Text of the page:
The money market in 2022 witnessed severe currency wars as major central banks were rushing to raise interest rates and deliver other measures to strengthen their currencies to confront high inflation. The Federal Reserve (Fed) certainly had the largest arsenal of measures to fight against inflation and the U.S. economy is in much better shape than the rest of the world. Thus, the U.S. Dollar index rose by 10% by the last autumn.

The Dollar has lost its momentum since then as the economic situation is evolving. Gas prices in Europe fell dramatically below the levels seen before the Russian-Ukrainian war started in February 2022, and the German economy has avoided a technical recession so far. China’s economy is reopening after continuous isolation. Investors fearfully hope that the global economy will demonstrate higher growth in 2023 above 1.7% forecasted by the World Bank.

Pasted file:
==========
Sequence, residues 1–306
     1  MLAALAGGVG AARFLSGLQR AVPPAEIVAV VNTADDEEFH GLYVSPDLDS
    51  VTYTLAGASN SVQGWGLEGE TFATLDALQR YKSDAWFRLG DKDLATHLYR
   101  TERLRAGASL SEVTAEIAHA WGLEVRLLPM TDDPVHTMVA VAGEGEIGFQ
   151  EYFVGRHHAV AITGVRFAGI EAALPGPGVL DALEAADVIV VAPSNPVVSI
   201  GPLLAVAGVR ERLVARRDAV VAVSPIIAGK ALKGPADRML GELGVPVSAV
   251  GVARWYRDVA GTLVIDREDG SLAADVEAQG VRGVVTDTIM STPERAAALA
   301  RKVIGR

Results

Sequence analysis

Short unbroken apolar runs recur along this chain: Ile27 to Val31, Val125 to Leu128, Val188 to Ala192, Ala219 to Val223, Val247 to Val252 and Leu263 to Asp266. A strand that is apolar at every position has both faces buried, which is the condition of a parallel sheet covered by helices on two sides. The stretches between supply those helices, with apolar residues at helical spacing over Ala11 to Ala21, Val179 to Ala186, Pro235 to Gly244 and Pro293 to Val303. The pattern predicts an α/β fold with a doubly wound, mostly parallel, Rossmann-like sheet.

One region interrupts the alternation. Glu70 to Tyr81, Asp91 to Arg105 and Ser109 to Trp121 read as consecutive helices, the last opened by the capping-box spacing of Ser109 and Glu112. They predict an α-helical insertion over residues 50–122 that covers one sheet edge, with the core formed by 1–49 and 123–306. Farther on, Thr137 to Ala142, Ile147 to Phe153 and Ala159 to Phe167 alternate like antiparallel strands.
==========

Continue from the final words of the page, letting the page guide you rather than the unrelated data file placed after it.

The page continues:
Wall Street is debating the U-turn of the Fed’s monetary policy this year despite no assurances from the Fed itself. However, slowing down inflation and recession fears would force the Fed to change its monetary stance, according to some Wall Street analysts. This is why the stock market in the U.S. has performed its best rally for the last two months. If such a sentiment will continue to dominate the market, we may see capital flows reversing from the safe haven Dollar to more risky and perspective assets like U.S. stocks.